Familiarity in wrestling means fewer secrets left to discover
Cumberland High 125-pounder Shoneil Lariviere
An interesting aspect of Rhode Island high school wrestling is the traditional powers typically avoid one another until the final month of the dual-meet season, choosing to compete in out-of-state tournaments in December and January before taking each other on during February.
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In wrestling, familiarity isnâ€™t a good thing. Nobody likes to tip their hand before the pot gets big enough to mean something.
Defending state champion Cumberland and top contender Warwick Veterans have saved their dual-meet encounter for Feb. 16, just nine days before the state tournament begins at the Providence Athletic Center.
The Clippers begin the tough part of their dual-meet schedule on Feb. 3 when they visit perennial power Cranston West. Six days later, they travel to Bishop Hendricken, the No. 4 team in unofficial state power rankings.
Cumberland hosted its own tournament on Saturday, bringing in several quality out-of-state schools to raise the level of competition in the John D. Gorman Memorial event. Cumberland successfully defended its team title and crowned three individual champions â€“ Shai Lariviere (119), Erik Travers (130) and Jon Maccini (135).
Several of Saturday nightâ€™s championship final bouts could be repeated in early March during the first few rounds of the New England championship meet. Shai Lariviere might see South Windsorâ€™s Sam Odell, whom he defeated 5-1 in Saturdayâ€™s finals. Twin brother Shoneil would certainly hope to avenge his 6-3 loss to South Windsorâ€™s Brandon Lopez during the New England tournament.
At the higher levels of competition, wrestling is about matchups and knowledge of an opponentâ€™s style, which is one of the reasons why the elite Rhode Island schools wait until February to compete against one another. Scouting reports are important but nothing is more revealing than facing a strong opponent and learning strengths and weaknesses, filing away notes for future battles. A battle lost one night can turn into a bigger victory down the road.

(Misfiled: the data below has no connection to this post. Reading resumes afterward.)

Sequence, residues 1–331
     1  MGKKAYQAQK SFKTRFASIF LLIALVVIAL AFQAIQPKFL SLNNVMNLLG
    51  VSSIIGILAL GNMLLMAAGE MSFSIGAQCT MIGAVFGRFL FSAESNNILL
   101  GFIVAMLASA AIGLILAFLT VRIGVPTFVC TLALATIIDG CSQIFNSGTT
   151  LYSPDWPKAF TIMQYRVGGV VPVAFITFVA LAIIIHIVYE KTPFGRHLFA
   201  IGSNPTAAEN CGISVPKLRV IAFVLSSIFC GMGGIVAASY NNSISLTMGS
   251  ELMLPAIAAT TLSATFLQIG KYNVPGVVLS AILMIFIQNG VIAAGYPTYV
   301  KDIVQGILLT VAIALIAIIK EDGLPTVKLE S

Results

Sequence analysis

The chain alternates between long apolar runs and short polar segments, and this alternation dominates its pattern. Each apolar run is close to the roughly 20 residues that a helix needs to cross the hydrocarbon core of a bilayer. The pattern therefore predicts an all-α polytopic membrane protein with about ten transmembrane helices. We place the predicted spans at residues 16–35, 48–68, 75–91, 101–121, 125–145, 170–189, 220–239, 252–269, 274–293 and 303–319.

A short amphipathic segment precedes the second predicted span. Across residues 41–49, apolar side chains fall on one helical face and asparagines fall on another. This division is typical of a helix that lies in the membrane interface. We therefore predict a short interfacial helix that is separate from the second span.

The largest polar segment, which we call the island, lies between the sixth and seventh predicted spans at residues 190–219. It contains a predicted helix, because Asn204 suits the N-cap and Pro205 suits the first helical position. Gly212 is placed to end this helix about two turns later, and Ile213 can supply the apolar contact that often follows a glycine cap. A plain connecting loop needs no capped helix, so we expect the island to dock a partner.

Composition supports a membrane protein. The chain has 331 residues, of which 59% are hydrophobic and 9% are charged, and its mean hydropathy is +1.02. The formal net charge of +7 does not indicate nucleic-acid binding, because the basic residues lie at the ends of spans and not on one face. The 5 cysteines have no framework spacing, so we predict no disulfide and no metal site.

Both South Windsor wrestlers stayed away from the strengths of the Lariviere twins, who no longer can surprise opponents with their variety of headlocks, throws and quick takedown moves. The twins have been wrestling at a high level ever since their freshmen year. The scouting book on them has a lot of pages and is passed around New England. Thatâ€™s the price of success. Familiarity doesnâ€™t breed contempt in wrestling. It just means there are fewer secrets left to discover on the mat.
Cumberland sophomore Erik Travers is another wrestler who is gaining respectful attention from opponents. As a freshman, Travers wrestled tough during the dual-meet season and placed at the state meet as a rather lanky 103-pounder. This year, he has grown into a strong 130-pounder who won Outstanding Wrestler honors at Saturdayâ€™s tournament. Travers pinned four foes in a combined time of 6 minutes, 55 seconds.
â€śWhen he gets in on a leg, his opponents tend to go north,â€ť Cumberland coach Steve Gordon said. My guess is he meant they go south but you never know with wrestling coaches. Outsiders like myself can watch a lot of wrestling and never begin to scratch the surface of knowledge that wrestlers and coaches accrue during the course of their careers. You only learn wrestling by doing it. Many high school athletes in other sports have learned a hard lesson when they tried to take on an experienced wrestler in gym class. Knowledge is power on the mat.